“Ladies and gentlemen, we are experiencing some turbulence. Please return to your seats and fasten your seatbelts.”
Have you ever encountered someone jumping out of a plane during a turbulence? It is hard to imagine someone doing that. However, when it comes to investing, people do ‘jump out’ during turbulent times and suffer losses.
By now, everyone from Wall Street to Main Street are expecting such turbulent times ahead, with plenty of predictions of recession and stock market correction. How then can you arrive at your financial destination safely and happily while riding through turbulence? A key proven strategy is dollar cost averaging.
What is Dollar Cost Averaging (DCA)?
In simple terms, dollar cost averaging (DCA) is investing the same amount of money at regular intervals, as opposed to timing the market. In an ideal world, an investor who times the market perfectly would have the largest gains. However, it is rare to be right all the time. On the other hand, DCA can provide an investor a secure way to grow his wealth consistently. Here are exactly 3 reasons why it works well.
1. DCA Enables You to Capture the ‘Best Opportunities’
When the market becomes more turbulent, DCA allows investors to buy in at even lower prices. When we invest the same dollar amount every month, we essentially buy more units when the price is lower. In the chart above, the average price of the 8 points of investment is $10.06. However, the actual average unit cost is $9.61. The difference is because more units are being purchased at those points with lower prices compared to those at the higher prices, hence lowering the average unit cost. When the market recovers, the units appreciate. Investors who have amassed more units during a turbulent market will thus experience greater growth in their investment. As such, even though the price of the investment is the same at the start and the end of the period, the investor made a profit of 4.06% by doing DCA over the period.
2. DCA Takes the Emotion Out of Investing
Consider this statistic – seven of the 10 best days of the market occurred within fifteen days of the 10 worst days. Without the benefit of hindsight, it would be easy for someone to miss the best days just because he was trying to avoid the worst days. Sound judgment of the condition of the market may be clouded by the news and market noise. Just like how a math wizard may struggle to do basic math while he is on a roller coaster ride, the best investors may struggle with making sound investment decisions when the market is tumbling. With DCA, there is no need to decide whether to invest or withdraw your money. You will not miss any opportunities if you embark on a system and keep to it.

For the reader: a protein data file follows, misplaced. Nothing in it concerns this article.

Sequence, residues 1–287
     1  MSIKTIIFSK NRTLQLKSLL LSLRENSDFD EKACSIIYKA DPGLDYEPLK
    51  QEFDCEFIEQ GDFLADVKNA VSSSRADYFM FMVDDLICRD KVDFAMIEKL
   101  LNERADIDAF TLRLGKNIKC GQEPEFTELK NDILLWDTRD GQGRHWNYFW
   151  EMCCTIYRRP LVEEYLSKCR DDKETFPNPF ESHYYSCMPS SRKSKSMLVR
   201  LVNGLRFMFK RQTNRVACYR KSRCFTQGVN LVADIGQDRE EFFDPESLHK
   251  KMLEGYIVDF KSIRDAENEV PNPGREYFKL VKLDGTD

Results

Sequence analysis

3. DCA Helps You Cultivate A Powerful Savings Habit
James Clear, author of best-selling book, Atomic Habits, puts it this way. “Goals are good for setting a direction, but systems are best for making progress.”1 Without a system, goals only look good on paper. Given that volatility in the market is a constant characteristic, a person who invest only when he feels the timing is ‘right’, will not be saving consistently towards his financial goals. His important financial goals, such as buying a home or retiring comfortably, will probably be compromised, unless he makes saving and investing a habit.
The crux of the matter here is that most people do not start off in life with a hefty sum of money to invest. Unless they are ‘Crazy Rich Asians’, most individuals will need a lifetime of savings to grow their wealth. A seasoned farmer who plants only one seed, will very likely yield less fruits than a novice who sows a whole plantation worth of seeds. With the current market situation, some investors may be tempted to procrastinate and delay investing. However, a well thought-through and well stuck-through system could enable one to start early and grow his wealth exponentially.
Take for example, a pair of twins named Hogan and Jessie. Hogan starts investing at the beginning of his career at age 20. He invests $5,000 every year. After investing for 15 years, he stops injecting new funds, but keeps his existing funds invested. In total, he would have invested $75,000. Assuming an average return of 10% p.a. By the time he is 65 years old, he would have $1.9M.
Contrast that with his twin, Jessie. Jessie decides to put off investing for the first 15 years of her career. At age 35, she decides to catch up and tries to turbocharge her investment by investing more than Hogan. She invests double the amount each year ($10,000/year) and injects funds for a longer period (25 years). With the same assumed rate of 10% p.a., Jessie ends off with $1.2M at age 65 – a far cry from Hogan’s $1.9M.
Turbulences on flight are caused by strong wind currents. But imagine what happens if there are no wind currents at all – air travel would not be possible. Imagine what life would be if we cannot fly. In the same way, the stock markets may be very volatile now, but this volatility also enables investors with the right strategies to profit greatly and to achieve their goals in life. It is possible to thrive in turbulence. Return to your seats. Fasten your seatbelts, and stay the course of investing with proven strategies like DCA.